Neither funny or exciting, Hit & Run is a goofy chase movie that’s unfortunately not worth seeing. It has a few moments of inspiration, and a couple of dialogue exchanges that are more poignant than they have any right to be, but on the whole is surprisingly slow-paced and far duller than it should have been. It’s the type of movie actors make on their off-days as a fun joke so that they can hang out with other actor friends and have a fun time making a movie.
The film was written by, produced by, co-directed by, and stars Dax Shepard, without whom the film would not exist. He even roped his wife, Kristen Bell, into starring with him. Shepard plays Charlie Bronson — no, seriously — a man who has been enrolled in the Witness Protection Program which places him in a small town under the watch of a somewhat silly U.S. Marshal (Tom Arnold). He is in love with his girlfriend, Annie (Bell), who has no idea why he’s in Witness Protection. She just knows he saw something, testified against some people, and if he goes to Los Angeles he might be found and killed.
As chance would have it, the film opens with Annie being offered a job in Los Angeles, teaching a program not offered anywhere else in the state, or perhaps the world. She has to get there by a certain amount of time, but she can’t take the love of her life because of his protected status. He decides that love is more important than his life and the two head out. Soon, they’re hunted down by a criminal (Bradley Cooper) and his girlfriend (Joy Bryant), Annie’s ex-boyfriend (Michael Rosenbaum), and the Marshal played by Tom Arnold.
So, it’s a chase movie. The characters have a destination to reach, the other characters hope to prevent them for reaching it, classic cars are driven by half the characters, and that’s that. Small breaks are given so Bell and Shepard can riff about relationships, or other strange comedy happenings can occur. Most of it is far more annoying than funny, but your sense of humor might gel with what Hit & Run has to offer.
Picture this scene in your head. A duo is given a hotel room. They enter the room. Inside are a bunch of elderly naked people. They leave the room and remark how that was the wrong room and an unpleasant experience. That’s the whole scene. Did you laugh? Did you cringe? Do you think doing it again, later, will make it even funnier? If you answered “no” to any of the laughter questions, you’re in my camp. It’s not funny. It’s weird and maybe cringe-worthy, but not humorous, which seemed to be the intent.
If the comedy doesn’t work, at least we get car chases, right? Well, they exist, but you’ll only think they’re good if they’re the first car chases you’ve ever seen in a movie. They’re boring, repetitive, and haven’t had anything done to make them more exciting than they are. No stylistic flourish, no great shots — nothing. You’ve got classic cars going relatively fast but it’s no more entertaining than the dozens of other car chases you’ve seen in your lifetime.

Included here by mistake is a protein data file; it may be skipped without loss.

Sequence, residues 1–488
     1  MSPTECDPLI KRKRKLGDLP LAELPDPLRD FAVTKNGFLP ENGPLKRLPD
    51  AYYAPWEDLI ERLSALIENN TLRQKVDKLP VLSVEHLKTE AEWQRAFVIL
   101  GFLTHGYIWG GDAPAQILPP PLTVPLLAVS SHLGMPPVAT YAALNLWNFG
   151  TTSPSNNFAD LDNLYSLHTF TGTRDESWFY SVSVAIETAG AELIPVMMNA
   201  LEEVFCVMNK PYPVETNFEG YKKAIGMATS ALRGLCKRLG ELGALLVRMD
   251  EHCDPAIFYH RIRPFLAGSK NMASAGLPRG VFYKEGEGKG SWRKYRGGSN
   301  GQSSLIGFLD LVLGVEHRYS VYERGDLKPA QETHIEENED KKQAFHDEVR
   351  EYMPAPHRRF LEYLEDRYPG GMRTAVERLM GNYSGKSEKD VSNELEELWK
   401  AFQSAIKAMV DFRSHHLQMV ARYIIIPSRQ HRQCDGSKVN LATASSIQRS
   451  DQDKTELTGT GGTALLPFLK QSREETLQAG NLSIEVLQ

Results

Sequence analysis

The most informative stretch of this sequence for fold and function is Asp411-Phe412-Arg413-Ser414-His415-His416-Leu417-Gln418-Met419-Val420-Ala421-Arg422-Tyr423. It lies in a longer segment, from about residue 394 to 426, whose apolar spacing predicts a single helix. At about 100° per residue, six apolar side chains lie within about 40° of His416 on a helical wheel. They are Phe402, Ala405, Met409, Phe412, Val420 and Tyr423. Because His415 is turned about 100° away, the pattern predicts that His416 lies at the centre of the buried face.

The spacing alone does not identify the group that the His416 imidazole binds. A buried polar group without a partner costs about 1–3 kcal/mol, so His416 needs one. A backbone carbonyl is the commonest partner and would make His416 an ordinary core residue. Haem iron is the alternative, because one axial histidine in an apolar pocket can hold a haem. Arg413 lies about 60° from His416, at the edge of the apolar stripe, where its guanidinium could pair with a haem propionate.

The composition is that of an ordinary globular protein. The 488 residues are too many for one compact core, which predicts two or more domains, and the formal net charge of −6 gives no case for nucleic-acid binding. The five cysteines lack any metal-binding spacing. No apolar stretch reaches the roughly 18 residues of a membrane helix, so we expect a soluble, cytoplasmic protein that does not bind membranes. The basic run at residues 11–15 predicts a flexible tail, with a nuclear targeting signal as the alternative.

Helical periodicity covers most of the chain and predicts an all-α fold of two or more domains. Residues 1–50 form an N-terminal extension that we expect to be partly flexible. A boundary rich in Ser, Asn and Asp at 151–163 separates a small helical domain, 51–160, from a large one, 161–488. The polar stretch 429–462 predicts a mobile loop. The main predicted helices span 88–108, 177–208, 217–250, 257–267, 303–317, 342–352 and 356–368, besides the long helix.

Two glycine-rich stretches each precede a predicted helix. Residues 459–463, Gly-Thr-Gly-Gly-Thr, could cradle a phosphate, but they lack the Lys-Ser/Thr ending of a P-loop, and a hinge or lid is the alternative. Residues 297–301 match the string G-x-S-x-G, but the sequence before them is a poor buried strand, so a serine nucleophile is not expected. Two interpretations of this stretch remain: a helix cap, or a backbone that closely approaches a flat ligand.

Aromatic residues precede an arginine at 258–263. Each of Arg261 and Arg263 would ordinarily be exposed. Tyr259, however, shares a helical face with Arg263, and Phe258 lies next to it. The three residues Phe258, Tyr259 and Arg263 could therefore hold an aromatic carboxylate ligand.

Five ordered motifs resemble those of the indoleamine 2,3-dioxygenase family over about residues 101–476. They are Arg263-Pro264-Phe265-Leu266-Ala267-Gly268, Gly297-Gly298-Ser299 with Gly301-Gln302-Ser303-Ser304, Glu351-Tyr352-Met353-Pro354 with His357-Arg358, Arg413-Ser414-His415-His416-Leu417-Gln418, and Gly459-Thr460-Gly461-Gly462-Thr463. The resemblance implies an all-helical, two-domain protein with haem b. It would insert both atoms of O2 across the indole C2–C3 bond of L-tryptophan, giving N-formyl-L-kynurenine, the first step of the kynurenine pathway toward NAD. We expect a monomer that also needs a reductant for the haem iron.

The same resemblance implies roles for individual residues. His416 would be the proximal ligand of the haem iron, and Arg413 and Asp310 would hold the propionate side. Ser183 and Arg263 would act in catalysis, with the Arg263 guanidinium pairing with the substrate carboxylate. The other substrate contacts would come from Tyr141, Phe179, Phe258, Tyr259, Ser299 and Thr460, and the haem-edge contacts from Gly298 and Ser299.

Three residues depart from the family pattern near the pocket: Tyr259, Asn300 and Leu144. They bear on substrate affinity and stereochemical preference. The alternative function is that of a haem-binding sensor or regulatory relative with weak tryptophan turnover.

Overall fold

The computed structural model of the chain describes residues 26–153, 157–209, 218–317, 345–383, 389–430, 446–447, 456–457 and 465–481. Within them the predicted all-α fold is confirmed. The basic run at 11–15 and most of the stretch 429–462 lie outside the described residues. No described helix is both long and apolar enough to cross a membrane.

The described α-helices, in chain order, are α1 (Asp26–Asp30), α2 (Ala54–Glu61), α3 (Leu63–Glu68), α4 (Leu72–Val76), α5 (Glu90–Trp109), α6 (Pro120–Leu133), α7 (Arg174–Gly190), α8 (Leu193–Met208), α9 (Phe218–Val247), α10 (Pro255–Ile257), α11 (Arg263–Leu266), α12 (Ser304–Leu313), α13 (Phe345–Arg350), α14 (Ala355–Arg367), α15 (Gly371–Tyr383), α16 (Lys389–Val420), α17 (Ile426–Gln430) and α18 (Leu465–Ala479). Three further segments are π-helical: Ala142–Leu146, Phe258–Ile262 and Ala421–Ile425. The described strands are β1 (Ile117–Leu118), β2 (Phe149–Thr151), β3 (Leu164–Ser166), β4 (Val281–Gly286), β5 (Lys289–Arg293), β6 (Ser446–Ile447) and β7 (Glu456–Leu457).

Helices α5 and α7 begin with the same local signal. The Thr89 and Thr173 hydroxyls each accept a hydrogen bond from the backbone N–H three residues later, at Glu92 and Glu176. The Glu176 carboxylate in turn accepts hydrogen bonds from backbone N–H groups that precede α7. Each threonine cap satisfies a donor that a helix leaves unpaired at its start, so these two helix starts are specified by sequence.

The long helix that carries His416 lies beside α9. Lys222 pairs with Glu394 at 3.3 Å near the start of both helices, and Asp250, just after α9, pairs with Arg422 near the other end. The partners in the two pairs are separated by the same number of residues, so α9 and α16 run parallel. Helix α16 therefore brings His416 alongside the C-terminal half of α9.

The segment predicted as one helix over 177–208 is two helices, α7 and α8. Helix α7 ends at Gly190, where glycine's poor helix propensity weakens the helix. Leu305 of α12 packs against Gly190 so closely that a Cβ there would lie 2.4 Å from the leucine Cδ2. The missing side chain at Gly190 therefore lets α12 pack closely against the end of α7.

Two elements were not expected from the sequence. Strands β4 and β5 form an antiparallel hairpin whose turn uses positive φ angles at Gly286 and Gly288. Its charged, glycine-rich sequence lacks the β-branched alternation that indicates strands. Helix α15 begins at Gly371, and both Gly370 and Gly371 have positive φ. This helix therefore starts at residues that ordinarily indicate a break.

And it’s not even like you’re rooting for the characters. The lead is a slacker who doesn’t work and lies to his girlfriend. The girlfriend whines about things that don’t matter and doesn’t say anything about some things that do. The criminals sound like they once watched a Tarantino movie and based their entire personality around it. The Tom Arnold character is more annoying than funny. These actors have all been good before but it just doesn’t work here. There’s nothing to invest in.
About the only thing that Hit & Run has going for it are some of the conversations between Shepard and Bell. Some of the things they have to say about relationships — and, in particular, conflict resolution — are smart and kind of funny. The two actors do have an easygoing chemistry — they’re married in real life, so that can be expected — and their exchanges serve as the film’s highlights. Is there anything else to like? Not really. If you like strange and quirky things you might find some enjoyment out of a couple of oddball scenes, but most of the picture is too conventional to even take full advantage of that.
Is there any reason to see Hit & Run? Sure. If you want to support Dax Shepard, who appeared to be the main reason this film got made at all, you might want to give it a watch. Or, if you believe anything that’s strange is funny, you’ll laugh a few times. And if you’ve never before seen a car chase, the ones here will amaze. If you don’t fit into any of these three categories, you should skip this movie. It’s dull and unfunny and isn’t worth your time.